This week, Channel 4 held the first televised round in an interview for the nation’s worst job: Leader of the Opposition. Yes, following one of Labour’s worst kickings since a Home Secretary’s husband was found to be expensing hotel pornography to the taxpayer (yes, that did actually happen), three people have made the final ballot of voting, and will be put before the mercy of party members on April 2.
Call them heroes, call them patriots, call them mentally ill, but these individuals believe they have what it takes to wrestle Labour back to power. And you’re promptly forgiven for having no idea who they even are. Unlike the veneered showbiz of American politics, our elected representatives often lack a national profile until they’re on a pulpit being jeered by lots of pallid, old white men.
Or, at least, until they’re being jeered by millions of viewers at home. For those cushioning Monday night misery could take sweet relief knowing that at least three Labour MPs were having a worse day than them, as Krishnan Guru-Murthy posed nonsensical questions in another nail in the coffin of reasonable debate.
Here’s the highlights and the lowdowns faced by the unlucky candidates in the race for the Labour leadership.
The frontrunner and bookies’ favourite, Keir Starmer’s constant expression of dadly worry was on full display. And with good reason. The man who many see as a shoo-in for leader quickly realised that the cement mixer of questions would amount to nothing but rubble.
He pointed out that the top 1% wasn’t surrounded by 99% of pure, unadulterated destitution. He was also at a loss as to why, despite vocally supporting the trans community, there were repeated attempts to ask why he hadn’t signed one pledge against the other.
But the most absurd question of all came on the back of Caroline Flack’s tragic death. Starmer, who once presided as the head of the Crown Prosecution Service, was asked to speculate upon that same body’s continued investigation into Flack’s assault charge after her boyfriend dropped charges – ten years after he left the role. Starmer refused to be drawn on the question. Such a refusal explains why he’s the frontrunner.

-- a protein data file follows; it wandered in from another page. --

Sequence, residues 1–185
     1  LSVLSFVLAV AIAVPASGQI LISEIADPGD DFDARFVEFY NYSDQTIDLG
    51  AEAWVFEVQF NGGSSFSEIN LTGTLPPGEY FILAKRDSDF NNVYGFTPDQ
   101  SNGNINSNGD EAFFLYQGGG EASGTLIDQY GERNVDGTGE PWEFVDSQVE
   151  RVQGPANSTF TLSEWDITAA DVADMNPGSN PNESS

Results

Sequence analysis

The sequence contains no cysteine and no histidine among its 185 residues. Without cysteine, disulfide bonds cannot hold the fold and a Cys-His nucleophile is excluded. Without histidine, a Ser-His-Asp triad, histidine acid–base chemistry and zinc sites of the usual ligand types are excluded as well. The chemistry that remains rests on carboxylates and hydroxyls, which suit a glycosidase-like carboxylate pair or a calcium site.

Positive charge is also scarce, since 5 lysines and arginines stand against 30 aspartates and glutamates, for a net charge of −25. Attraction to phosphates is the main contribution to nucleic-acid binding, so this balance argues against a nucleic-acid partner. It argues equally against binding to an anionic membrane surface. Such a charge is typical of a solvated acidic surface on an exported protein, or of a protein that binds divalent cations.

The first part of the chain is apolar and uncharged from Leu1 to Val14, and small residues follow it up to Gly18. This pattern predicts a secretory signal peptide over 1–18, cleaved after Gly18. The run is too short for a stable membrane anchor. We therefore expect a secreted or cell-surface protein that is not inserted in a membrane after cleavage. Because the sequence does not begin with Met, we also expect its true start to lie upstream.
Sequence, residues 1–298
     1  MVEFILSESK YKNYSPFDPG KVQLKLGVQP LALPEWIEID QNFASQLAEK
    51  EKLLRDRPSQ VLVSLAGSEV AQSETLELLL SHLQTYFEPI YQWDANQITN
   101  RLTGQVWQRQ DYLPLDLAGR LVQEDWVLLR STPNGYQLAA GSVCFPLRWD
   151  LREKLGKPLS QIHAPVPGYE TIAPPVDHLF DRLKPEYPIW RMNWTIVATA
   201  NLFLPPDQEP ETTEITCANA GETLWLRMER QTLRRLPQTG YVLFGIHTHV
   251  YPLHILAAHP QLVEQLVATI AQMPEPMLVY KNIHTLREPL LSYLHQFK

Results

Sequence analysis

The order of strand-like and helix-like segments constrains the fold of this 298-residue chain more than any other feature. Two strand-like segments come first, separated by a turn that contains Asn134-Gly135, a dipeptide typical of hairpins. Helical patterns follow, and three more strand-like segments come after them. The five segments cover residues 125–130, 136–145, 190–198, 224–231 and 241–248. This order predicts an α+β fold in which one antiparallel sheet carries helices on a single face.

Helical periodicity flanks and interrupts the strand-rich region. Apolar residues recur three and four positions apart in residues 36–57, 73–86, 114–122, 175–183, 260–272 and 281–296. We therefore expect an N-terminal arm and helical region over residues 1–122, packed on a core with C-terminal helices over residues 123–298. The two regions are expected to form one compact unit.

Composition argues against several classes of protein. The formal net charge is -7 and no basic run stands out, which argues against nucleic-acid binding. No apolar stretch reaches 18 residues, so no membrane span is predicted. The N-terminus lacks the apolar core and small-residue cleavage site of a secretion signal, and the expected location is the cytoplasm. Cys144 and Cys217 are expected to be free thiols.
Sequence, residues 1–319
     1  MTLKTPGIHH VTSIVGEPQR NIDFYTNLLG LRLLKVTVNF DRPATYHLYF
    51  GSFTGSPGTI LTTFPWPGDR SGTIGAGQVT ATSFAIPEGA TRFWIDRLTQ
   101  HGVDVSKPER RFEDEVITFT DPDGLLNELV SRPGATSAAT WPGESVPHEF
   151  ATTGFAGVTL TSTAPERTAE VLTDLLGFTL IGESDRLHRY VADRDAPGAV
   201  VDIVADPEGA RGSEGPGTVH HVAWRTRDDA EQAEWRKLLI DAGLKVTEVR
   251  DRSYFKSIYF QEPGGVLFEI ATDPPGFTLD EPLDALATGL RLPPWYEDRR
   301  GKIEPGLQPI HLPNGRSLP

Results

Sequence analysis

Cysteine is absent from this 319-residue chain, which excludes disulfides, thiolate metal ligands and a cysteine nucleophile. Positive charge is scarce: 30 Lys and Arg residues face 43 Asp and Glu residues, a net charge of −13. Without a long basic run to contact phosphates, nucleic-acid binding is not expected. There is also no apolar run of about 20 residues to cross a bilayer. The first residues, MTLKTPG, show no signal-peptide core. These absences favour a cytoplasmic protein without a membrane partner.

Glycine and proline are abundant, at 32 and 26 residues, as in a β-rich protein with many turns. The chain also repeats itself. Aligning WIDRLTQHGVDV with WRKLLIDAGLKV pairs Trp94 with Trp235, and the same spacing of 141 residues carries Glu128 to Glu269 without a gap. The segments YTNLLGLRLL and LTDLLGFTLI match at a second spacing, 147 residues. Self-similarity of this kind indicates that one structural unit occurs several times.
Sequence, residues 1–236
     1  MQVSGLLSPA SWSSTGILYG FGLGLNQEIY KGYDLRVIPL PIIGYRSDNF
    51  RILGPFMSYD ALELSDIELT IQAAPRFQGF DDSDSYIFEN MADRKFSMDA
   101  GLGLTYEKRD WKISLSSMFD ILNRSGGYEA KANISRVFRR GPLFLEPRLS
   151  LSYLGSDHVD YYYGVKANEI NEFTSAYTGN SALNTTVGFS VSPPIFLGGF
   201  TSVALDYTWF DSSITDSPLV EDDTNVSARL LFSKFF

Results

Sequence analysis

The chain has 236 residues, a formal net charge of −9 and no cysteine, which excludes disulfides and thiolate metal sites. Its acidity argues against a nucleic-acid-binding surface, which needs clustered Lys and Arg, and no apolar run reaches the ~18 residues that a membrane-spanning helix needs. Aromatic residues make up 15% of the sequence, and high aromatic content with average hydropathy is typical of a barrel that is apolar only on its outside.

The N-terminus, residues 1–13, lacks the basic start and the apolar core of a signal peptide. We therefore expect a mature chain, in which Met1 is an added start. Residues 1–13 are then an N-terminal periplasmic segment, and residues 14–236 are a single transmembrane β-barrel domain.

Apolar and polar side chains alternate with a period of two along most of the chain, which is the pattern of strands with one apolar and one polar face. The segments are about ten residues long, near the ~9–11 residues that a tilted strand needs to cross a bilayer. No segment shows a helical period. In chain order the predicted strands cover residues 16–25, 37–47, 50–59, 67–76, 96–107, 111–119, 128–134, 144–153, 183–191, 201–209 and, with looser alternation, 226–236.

Jeremy Corbyn’s heir apparent had a relatively solid night, but did nothing to differentiate herself from Labour’s left-wing Momentum movement (a powerful if not slightly dogmatic faction of the party). Dressed like a villain from a Tomb Raider sequel, RLB touched upon the Green New Deal, and even managed to make a little joke about people laughing about her eyebrows. See, politicians: just like you and I!
Except this MP for Salford and Eccles isn’t the unity candidate, and following the stain of anti-semitism on the party, garnered just 1.4% of support from the Jewish Labour Movement. And, as the debate descended into the nuances of the Palestinian-Israeli conflict, it was clear to see how much the Labour Party naval gazes upon such issues – issues that much of the wider electorate, whether rightly or wrongly, just don’t care all that much about. With RLB closely twinned to her predecessor, that may leave her as vulnerable. And we all know what happened to him.
Though considered the wildcard candidate in the race, the more people see of Lisa Nandy, the more they like her. Perhaps it’s her slow evolution to become the meme queen of Wigan. Perhaps it’s her no-nonsense tone of which northerners consider a lullaby. Or perhaps it’s because she regularly confronts the problem of Labour’s last leadership head on, and articulates the added (and often unseen) costs of being poor: ATMs are more likely to charge transaction fees in low-income areas, insurance premiums are higher, even taxis can increase fares.
That said, her performance wasn’t immune to the idiocy of Channel 4. “One second to answer the rights of the Palestinian people? Okay,” she withered. Nandy let out a laugh when Guru-Murthy asked for a "yes or no" answer to the complex issue of the monarchy’s abolition. She also nodded furiously in agreement with Starmer every time he pointed to the debate’s illogical structure.
But, against the exasperation, and the sting of string music that sounded like it was taken from an Alton Towers advert, a woman was seen clutching for her handbag before the curtain even fell. If this was a paying Labour member, invested and present and involved in the leadership debates, then heaven help the next leader at holding the attention of those who’ve left the party entirely.
IMAGES | SHUTTERSTOCK